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Itch Mite in Sheep and Goats

(Psorobia ovis; formerly Psorergates ovis)

The itch mite lives on the skin of sheep and goats, causing intense irritation. Sheep or goats rub and scratch, sometimes causing severe fleece and fibre damage.

Itch mite is described on the WormBoss site only because it has been controlled effectively by macrocyclic lactone (ML or ‘mectin’) sheep drenches (ivermectin, abamectin and moxidectin) and the goat drench, abamectin.

Since the introduction of those drenches in the 1980s, signs of itch mite have become infrequent.

The signs of itch mite are very similar to that of lice or grass seed irritation, and should be suspected only after these are ruled out. Diagnosis is not easy, as the itch mite is even harder to see than lice and requires a skin scraping, generally from a number of sheep or goats (not just a badly affected one), and microscope examination.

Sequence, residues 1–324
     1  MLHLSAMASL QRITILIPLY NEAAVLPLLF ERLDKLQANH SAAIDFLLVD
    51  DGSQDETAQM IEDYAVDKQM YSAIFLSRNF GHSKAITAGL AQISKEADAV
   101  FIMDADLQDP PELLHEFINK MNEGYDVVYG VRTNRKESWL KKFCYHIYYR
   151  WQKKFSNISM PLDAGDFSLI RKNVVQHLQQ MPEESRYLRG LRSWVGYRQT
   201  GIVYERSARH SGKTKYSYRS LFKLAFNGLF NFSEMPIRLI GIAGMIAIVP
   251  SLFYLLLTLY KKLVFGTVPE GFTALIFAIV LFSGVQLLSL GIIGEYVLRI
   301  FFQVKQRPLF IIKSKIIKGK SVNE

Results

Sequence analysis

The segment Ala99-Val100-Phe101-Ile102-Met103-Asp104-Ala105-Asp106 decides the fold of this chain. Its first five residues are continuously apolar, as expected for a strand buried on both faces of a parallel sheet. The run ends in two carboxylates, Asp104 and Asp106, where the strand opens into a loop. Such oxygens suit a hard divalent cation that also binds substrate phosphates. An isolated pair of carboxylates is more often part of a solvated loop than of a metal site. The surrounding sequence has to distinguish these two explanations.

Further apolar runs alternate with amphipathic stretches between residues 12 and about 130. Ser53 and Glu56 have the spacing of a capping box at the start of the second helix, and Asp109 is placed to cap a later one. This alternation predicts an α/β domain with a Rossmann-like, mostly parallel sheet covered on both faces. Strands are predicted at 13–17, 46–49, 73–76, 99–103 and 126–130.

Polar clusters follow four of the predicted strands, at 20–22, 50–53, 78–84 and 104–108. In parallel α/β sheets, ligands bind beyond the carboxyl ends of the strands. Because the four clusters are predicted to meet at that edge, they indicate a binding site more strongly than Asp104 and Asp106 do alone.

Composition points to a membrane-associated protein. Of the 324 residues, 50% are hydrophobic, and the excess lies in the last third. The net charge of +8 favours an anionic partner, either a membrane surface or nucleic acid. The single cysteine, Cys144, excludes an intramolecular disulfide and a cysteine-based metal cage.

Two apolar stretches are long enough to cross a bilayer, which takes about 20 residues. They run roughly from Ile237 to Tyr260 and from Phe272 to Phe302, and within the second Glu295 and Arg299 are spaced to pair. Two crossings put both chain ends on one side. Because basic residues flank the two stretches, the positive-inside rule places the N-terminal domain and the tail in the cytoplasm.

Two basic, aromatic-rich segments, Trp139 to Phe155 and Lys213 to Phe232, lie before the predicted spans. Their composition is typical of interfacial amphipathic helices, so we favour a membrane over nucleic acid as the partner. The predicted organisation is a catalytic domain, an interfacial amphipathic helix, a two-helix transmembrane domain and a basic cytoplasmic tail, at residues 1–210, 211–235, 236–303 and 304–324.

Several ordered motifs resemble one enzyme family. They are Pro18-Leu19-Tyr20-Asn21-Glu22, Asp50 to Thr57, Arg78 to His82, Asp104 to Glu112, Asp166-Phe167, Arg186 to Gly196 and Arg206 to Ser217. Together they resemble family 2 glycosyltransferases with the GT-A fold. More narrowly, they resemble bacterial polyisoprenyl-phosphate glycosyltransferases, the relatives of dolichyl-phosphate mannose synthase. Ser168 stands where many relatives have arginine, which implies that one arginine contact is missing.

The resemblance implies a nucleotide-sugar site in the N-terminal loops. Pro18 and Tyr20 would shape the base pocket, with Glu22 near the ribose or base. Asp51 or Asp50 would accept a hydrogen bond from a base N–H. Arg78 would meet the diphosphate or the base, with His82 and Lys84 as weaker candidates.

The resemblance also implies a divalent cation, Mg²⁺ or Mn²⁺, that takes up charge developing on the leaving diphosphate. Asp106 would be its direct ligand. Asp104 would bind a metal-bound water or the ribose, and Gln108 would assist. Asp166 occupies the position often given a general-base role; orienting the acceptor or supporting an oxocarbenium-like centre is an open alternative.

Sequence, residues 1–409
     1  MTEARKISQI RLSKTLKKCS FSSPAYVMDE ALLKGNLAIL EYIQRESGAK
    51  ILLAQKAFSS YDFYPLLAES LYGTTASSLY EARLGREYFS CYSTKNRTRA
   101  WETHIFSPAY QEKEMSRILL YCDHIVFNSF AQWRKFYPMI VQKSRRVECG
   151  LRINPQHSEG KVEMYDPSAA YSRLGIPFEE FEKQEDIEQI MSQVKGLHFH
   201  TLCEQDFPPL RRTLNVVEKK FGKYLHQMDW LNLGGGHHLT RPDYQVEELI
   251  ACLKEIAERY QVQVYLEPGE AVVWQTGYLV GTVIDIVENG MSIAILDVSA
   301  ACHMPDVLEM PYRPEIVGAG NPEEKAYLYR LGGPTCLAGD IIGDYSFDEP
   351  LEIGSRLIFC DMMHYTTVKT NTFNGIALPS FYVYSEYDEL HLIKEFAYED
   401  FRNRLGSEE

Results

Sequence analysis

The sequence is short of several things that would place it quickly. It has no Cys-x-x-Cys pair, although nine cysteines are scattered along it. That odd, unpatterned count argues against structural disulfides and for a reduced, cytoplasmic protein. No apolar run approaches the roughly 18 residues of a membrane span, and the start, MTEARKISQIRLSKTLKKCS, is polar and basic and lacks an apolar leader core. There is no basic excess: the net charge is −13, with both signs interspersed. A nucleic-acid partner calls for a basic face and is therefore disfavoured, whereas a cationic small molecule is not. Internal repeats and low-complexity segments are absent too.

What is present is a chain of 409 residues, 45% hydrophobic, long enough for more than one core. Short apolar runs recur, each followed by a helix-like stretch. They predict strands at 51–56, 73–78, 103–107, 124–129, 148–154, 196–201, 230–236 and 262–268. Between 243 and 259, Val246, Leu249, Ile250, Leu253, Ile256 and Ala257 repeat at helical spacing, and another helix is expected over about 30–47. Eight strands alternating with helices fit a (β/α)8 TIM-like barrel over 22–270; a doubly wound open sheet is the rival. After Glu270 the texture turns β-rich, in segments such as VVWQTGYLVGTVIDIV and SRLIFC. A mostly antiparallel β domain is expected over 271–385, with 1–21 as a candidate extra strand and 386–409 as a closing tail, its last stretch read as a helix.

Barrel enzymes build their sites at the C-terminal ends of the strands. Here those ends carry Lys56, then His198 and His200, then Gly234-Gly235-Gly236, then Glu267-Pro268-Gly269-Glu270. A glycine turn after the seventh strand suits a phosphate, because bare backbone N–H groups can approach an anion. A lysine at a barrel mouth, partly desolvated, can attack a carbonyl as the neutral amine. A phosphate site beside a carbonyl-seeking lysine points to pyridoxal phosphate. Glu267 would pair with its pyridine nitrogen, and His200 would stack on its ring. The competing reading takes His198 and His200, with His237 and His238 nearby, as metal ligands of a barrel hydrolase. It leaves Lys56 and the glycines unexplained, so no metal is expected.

If itch mite is suspected, most farmers choose to simply use an ML drench as their next worm treatment for the flock or herd. A specific treatment just for itch mite cannot be justified.

Itch mite may not be able to be eradicated, but as they only build up very slowly, ML treatments each few years are sufficient to keep them well under control.

Note that another serious mite infestation of sheep (sheep scab or psoroptic mange, caused by Psoroptes ovis), is common in other countries but has been eradicated in Australia.

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